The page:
EvilGnome – Linux malware aimed at your desktop, not your servers

Some of our readers asked us this week, “What do you guys think of EvilGnome?”

#ICYMI, EvilGnome is a recent malware sample that’s made a few headlines, and although we haven’t seen any examples of it actually popping up in the wild, we thought we’d answer the question anyway.

Because Linux!

As you probably know, Linux malware and hacked Linux systems are very common, for the simple reason that most of the servers that power today’s internet run Linux in some form.

If you’re a cybercrook who wants to spread your Windows malware widely – keyloggers, for example, or banking Trojans, or other network nasties that thieve people’s digital stuff so it can be sold on to the next crook on the cyberunderground…

…then you’re probably going to be relying on hacked or compromised Linux systems for the bulk of your malware distribution.

For that reason, Linux malware generally doesn’t look like Windows malware, and isn’t supposed to, either.

But EvilGnome, rare and unusual though it may be, gets its media-friendly name because it was clearly written to target the comparatively small but committed community who use Linux on their laptops.


(Audio player not working? Download MP3, listen on Soundcloud, or read the transcript.)

EvilGnome starts life as a self-contained file that consists of 522 lines of text – what’s called a shell script because it’s designed to run directly inside a Linux command shell, such as the command prompt you get in a terminal window – followed by a compressed blob of data that carries the rest of the malware along with it.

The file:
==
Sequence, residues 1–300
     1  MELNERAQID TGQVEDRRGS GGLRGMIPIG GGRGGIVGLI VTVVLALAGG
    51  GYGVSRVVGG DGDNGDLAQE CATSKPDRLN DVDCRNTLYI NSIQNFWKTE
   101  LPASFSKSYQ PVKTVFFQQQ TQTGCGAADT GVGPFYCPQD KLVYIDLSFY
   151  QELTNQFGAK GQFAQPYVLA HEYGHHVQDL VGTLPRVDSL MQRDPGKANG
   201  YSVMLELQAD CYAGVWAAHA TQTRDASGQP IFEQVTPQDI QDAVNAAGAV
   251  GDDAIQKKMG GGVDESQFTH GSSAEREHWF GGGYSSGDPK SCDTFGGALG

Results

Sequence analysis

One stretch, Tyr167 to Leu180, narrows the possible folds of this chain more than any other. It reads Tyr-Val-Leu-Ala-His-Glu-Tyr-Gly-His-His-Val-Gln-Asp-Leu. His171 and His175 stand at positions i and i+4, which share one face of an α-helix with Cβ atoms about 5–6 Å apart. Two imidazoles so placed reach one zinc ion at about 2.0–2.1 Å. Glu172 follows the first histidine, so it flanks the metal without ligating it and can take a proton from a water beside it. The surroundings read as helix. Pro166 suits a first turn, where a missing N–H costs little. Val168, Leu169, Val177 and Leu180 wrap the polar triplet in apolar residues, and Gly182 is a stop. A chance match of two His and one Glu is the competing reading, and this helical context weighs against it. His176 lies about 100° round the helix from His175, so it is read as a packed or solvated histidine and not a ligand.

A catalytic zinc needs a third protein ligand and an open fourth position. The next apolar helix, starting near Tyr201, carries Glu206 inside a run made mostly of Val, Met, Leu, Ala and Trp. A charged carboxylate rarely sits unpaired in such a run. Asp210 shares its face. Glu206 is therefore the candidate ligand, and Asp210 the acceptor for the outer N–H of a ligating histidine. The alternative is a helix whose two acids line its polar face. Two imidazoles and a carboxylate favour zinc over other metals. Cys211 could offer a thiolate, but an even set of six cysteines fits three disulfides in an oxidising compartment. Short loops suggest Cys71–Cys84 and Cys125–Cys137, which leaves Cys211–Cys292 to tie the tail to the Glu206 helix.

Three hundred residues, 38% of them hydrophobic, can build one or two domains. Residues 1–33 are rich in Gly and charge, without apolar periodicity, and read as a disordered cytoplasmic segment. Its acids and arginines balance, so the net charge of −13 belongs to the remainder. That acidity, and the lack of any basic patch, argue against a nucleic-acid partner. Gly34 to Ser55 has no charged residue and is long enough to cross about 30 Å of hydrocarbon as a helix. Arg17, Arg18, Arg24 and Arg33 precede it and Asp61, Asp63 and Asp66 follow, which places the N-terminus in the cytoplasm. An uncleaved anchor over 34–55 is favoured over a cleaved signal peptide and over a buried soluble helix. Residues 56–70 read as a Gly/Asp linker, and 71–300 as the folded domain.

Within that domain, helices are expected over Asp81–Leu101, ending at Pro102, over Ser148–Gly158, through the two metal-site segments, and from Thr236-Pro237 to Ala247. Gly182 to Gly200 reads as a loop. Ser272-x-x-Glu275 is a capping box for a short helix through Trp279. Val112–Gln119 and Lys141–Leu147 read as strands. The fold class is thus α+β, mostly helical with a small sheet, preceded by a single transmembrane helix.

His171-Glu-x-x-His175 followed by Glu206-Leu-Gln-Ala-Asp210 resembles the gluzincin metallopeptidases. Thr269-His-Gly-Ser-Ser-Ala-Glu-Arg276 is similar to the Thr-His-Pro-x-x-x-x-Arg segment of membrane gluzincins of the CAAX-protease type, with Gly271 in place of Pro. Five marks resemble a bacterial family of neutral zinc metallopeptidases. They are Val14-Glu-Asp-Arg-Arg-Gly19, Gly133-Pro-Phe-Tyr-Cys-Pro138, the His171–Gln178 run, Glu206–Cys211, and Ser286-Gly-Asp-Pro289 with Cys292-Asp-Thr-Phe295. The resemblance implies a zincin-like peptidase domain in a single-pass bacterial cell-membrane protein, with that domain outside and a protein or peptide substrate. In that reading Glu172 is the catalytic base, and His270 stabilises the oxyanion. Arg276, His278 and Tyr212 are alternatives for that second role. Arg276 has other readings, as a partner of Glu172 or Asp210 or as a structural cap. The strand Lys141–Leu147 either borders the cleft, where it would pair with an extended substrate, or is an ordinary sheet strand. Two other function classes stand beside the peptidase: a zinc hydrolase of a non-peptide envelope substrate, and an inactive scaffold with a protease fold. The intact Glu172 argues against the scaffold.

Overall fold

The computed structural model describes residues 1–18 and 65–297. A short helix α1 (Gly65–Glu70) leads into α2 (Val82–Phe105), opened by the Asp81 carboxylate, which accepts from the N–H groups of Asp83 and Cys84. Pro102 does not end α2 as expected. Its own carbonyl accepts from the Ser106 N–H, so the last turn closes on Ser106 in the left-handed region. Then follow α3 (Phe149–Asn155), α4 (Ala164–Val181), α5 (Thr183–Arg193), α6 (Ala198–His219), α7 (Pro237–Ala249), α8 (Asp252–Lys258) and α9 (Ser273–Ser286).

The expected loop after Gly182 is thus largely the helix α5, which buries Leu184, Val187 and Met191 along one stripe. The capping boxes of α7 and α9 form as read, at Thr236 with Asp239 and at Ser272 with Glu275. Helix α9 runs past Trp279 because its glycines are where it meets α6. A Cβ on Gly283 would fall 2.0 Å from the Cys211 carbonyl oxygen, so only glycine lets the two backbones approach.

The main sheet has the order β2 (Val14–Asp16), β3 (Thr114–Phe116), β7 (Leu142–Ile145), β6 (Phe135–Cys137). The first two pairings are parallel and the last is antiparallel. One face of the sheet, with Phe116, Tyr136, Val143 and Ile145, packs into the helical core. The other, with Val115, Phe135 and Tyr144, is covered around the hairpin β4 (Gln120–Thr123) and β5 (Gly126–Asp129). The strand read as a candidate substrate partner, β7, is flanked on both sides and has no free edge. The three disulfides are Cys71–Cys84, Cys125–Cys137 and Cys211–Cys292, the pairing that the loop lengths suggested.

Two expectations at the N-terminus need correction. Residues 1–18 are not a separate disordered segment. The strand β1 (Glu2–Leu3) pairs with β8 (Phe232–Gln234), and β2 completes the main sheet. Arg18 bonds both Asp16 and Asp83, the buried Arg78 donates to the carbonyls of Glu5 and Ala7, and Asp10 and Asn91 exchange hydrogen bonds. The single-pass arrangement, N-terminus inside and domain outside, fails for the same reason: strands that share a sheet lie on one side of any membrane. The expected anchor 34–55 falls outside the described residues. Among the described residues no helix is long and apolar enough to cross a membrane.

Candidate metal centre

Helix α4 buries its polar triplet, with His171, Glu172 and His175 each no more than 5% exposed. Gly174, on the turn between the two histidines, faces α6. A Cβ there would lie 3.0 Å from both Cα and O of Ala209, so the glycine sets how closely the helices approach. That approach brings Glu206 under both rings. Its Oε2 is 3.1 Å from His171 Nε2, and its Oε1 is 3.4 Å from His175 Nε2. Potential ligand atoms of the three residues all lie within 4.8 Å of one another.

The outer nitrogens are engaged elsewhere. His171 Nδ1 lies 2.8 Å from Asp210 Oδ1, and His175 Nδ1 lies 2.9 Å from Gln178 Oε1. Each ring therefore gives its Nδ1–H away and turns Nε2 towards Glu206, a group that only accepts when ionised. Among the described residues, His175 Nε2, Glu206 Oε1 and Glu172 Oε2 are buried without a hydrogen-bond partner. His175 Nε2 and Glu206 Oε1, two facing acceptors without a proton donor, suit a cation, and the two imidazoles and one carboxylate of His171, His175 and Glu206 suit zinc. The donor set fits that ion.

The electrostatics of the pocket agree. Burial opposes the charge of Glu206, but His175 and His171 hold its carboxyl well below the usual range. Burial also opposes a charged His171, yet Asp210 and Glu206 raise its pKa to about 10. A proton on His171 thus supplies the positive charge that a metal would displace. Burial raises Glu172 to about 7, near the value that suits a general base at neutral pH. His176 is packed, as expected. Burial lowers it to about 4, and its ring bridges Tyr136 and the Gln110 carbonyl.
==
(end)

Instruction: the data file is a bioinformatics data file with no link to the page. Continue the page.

If you glance at the start of the malware file, all you’ll see is this:

# This script was generated using Makeself 2.3.0

if test "n" = n; then
    umask 077


label="setup files..."
. . .

That looks pretty unexceptionable – in fact, this is what’s called a self-extracting archive, and it was created with a legitimate and widely-used free software packaging system called Makeself.

Several mainstream software tools, such as Oracle’s VirtualBox software, make use of the Makeself toolkit, so the presence of Makeself’s auto-self-extraction code at the start of a Linux file isn’t itself cause for alarm.

After all, the idea is a good one – to make installing your software easier.

Instead of downloading a file in a static archive format such as ZIP, gzip, bzip2, and then decompressing and unpacking the bundle yourself before digging around to figure out how to install it, you just download one self-contained Makeself file and run it.

The shell script then extracts the embedded app into a temporary directory and automatically hands control over to a component that’s just been extracted – in this case, the uncontroversial-looking setup.sh.

Self-extracting archives and installers are commonplace on Windows; this is a way of achieving a similarly simple way of installing even very complex Linux software tools.

Forget about ./configure; make; make install, just run thisfile.sh or thisfile.run directly instead.

Linux doesn’t need file extensions in quite the same way Windows does, but the creators of the Makeself tool recommend adding an extension of .sh or .run anyway, just for clarity.)

What’s good for the goose

Unfortunately, the very tools that make it easier for us to construct self-installing software bundles also make things easier for the crooks.

If you run the EvilGnome self-extractor you will end up with malware installed in a directory called:


To explain.

In Unix-speak, the special filename ~/ means your home directory.